India-Pakistan Conflict | theSkimm

India-Pakistan Conflict

Published on: Mar 18, 2019fb-roundtwitter-roundemail-round
India Pakistan Map

Recent tension between India and Pakistan reminded the world that North Korea isn’t the only nuclear threat out there.

India Pakistan conflict
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The Story

In recent weeks, India and Pakistan’s relationship became more contentious than it’s been in decades.

The Background

India used to be a British colony. In 1947, after years of campaigning against British rule, India gained independence and was separated into two countries: India – which was mostly Hindu – and Pakistan – which was mostly Muslim. Dividing the countries across religious lines went just about as well as you’d expect.

So...not well.

Correct. Fighting broke out as masses of Muslims and Hindus started migrating in between the two new countries. Kashmir – a region in the Himalayas that shares borders with both India and Pakistan – was caught in the middle. The two countries have been fighting for control of Kashmir ever since.

India Pakistan Map

Where does that leave things?

The rivals have waged multiple wars over the region. Now, India, Pakistan, and China each control different parts of Kashmir. But India and Pakistan both say Kashmir should be theirs. Meanwhile, it's important to note that both countries have built up their arsenal of nuclear weapons over the years. Making any escalation in conflict between the two that much more alarming.

The Big Issue

Here’s why we’re talking about this right now: Last month, a Pakistan-based militant group carried out a suicide bombing in the Indian-controlled part of Kashmir, killing 40 Indian paramilitary police – the deadliest attack there in decades. Indian Prime Minister Modi – who’s up for re-election in the next few months – said his country would retaliate. Pakistan said it wasn't behind the attack, but would take action if India did.

Then what?

Last week, India bombed the Pakistani-controlled part of Kashmir. India claims it targeted a terrorist training camp, but it's unclear if there was any damage or casualties. It was the first time in decades that Indian warplanes crossed into Pakistan. Then things escalated even more when Pakistan said it shot down Indian warplanes and captured a pilot.

Yikes.

For a hot second the international community was biting its nails and worrying this could turn into another war. The US and China got involved, telling the countries to cool it. Then Pakistan released the captured pilot to keep the peace. And Pakistan said it had arrested dozens of militants, including some with connections to the suicide bombing that started this latest crisis. So it looks like things have gone from boiling back to a simmer. For now.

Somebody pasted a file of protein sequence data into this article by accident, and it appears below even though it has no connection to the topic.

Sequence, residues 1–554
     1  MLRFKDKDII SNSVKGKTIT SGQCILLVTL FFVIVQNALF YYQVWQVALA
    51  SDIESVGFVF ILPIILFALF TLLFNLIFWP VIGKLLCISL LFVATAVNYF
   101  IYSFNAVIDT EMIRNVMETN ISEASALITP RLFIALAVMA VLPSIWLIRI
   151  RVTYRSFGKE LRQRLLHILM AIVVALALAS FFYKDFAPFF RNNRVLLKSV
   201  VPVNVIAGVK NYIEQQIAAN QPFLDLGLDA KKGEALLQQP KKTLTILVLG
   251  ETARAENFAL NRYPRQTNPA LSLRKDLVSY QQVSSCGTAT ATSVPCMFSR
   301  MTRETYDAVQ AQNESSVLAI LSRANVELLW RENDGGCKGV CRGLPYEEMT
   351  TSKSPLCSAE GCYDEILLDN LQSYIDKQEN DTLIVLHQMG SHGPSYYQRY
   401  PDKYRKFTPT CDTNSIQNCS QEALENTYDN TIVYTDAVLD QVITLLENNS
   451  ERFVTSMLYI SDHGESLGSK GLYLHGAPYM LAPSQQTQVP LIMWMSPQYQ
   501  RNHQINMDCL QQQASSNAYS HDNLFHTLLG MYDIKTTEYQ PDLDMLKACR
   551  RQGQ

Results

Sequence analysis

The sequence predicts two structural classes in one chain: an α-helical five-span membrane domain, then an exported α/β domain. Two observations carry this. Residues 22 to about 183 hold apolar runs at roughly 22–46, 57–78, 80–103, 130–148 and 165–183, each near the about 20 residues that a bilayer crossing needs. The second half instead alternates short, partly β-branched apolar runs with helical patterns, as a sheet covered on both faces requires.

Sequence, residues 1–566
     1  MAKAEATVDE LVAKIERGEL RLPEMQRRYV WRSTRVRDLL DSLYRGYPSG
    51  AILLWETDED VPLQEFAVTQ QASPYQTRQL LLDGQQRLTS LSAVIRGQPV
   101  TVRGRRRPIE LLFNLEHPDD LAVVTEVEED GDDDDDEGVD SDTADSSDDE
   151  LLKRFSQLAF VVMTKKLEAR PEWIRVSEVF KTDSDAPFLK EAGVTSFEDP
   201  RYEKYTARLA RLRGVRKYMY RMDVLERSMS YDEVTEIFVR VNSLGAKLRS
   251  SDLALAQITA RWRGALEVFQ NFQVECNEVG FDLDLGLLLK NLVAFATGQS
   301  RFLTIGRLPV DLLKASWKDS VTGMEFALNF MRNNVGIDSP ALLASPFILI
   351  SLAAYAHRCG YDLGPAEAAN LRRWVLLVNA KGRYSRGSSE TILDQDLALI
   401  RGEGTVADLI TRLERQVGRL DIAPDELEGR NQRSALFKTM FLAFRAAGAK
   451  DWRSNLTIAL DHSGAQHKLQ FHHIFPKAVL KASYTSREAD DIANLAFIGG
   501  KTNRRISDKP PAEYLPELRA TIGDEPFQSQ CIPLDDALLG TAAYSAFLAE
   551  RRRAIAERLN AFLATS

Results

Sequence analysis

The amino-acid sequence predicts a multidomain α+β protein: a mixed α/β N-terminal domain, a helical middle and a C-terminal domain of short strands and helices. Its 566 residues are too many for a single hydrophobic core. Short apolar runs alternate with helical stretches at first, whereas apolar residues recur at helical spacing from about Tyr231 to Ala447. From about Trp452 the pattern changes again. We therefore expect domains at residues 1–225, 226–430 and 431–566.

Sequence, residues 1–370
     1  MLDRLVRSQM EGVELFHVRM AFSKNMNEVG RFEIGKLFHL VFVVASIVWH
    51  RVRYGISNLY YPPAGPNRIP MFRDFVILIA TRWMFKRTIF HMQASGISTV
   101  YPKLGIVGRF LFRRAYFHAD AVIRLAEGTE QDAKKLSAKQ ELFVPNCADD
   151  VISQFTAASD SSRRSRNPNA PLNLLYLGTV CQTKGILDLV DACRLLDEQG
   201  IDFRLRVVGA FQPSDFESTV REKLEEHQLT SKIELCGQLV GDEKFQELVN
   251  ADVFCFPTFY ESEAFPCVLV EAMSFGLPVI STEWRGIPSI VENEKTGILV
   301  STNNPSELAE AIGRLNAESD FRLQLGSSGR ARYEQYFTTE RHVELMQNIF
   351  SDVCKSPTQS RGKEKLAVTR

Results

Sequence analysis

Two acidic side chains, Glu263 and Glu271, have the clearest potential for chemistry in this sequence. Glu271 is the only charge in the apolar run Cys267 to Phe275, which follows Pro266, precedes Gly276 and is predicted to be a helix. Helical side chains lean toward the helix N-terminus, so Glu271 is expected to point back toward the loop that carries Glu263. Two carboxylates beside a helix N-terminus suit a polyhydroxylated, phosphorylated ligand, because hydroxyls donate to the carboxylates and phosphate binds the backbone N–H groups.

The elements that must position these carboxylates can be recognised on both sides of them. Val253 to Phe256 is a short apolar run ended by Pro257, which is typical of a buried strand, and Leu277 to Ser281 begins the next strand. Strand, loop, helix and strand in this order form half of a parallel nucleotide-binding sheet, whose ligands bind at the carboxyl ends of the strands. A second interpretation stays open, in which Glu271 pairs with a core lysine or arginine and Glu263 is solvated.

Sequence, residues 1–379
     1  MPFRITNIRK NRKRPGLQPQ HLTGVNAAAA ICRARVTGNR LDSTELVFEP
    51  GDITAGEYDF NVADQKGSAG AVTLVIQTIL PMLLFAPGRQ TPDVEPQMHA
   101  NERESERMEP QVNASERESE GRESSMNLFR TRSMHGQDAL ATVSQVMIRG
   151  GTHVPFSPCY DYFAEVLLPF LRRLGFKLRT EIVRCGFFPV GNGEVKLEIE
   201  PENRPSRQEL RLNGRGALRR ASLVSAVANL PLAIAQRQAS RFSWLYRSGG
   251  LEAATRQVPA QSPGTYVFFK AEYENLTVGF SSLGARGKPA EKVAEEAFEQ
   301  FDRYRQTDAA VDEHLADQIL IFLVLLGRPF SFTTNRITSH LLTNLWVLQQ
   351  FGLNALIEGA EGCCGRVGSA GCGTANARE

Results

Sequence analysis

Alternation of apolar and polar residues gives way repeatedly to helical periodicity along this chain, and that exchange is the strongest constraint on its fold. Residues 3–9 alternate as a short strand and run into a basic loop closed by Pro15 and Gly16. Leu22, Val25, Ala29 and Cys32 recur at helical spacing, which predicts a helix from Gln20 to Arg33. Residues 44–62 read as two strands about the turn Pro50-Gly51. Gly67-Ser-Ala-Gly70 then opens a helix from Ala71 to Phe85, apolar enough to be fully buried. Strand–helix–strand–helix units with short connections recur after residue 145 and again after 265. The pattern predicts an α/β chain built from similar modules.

What about the nukes?

Definitely a concern. Some say the threat of nuclear conflict between the two is second only to North Korea. India has a stronger army but estimates show that both countries have roughly the same number of nuclear weapons. It’s India’s policy that it’ll only use its nukes in retaliation aka it won’t make the first move. Pakistan’s policy is a bit unclear but some say it uses the threat of a nuclear attack to keep India at bay. Bottom line: both countries are capable of causing a lot of destruction for the other. Which is why this recent tension has put everyone on high alert.

The Debate

The root of this conflict – Kashmir – isn’t going away. And there are a lot of thoughts out there about how to resolve the issue. Some say the US needs to take a more active role in diffusing the situation.

Others say that it’s not enough to rely on the international community. Pakistan and India need to take specific steps to make negotiations more successful.

The Impact

The conflict has implications beyond who controls Kashmir and the threat of nuclear war. Both the US and China have stakes in keeping tension to a minimum. Here’s why...

🇨🇳China: Shares a border with Kashmir and is one of Pakistan’s closest allies and a major supplier of its arms. But recently, the US-China trade war has pushed China to find new trade allies, including India. Translation: China is very much interested in keeping conflict in South Asia to a minimum.

🇺🇸The US: Also in a precarious position here. It’s been bulking up military ties with India in order to keep China’s power in the region in check. But it also relies on Pakistan to play mediator in peace talks with the Taliban. After the recent fighting, China and the US called on both sides to keep the peace.

The Taliban: Pakistan shares a border with Afghanistan, where the US has been at war with the Taliban for over 17 years. The US is currently in the middle of peace talks to try to end the fighting. And Pakistan is a key player in mediating those talks. The US is reportedly worried that Pakistan won’t give the talks its full undivided attention if tensions with India keep increasing. Which is why it has a stake in getting India and Pakistan to keep things as friendly as possible.

theSkimm

The Kashmir conflict has been causing tension for over 70 years. With militant groups leading to instability in the region, and the disagreement over Kashmir unresolved, there are still fears that the heat could turn back up between India and Pakistan. And the recent fighting reminded the world that while North Korea may be hogging the spotlight, it’s not the only country with the potential to spark a nuclear war.


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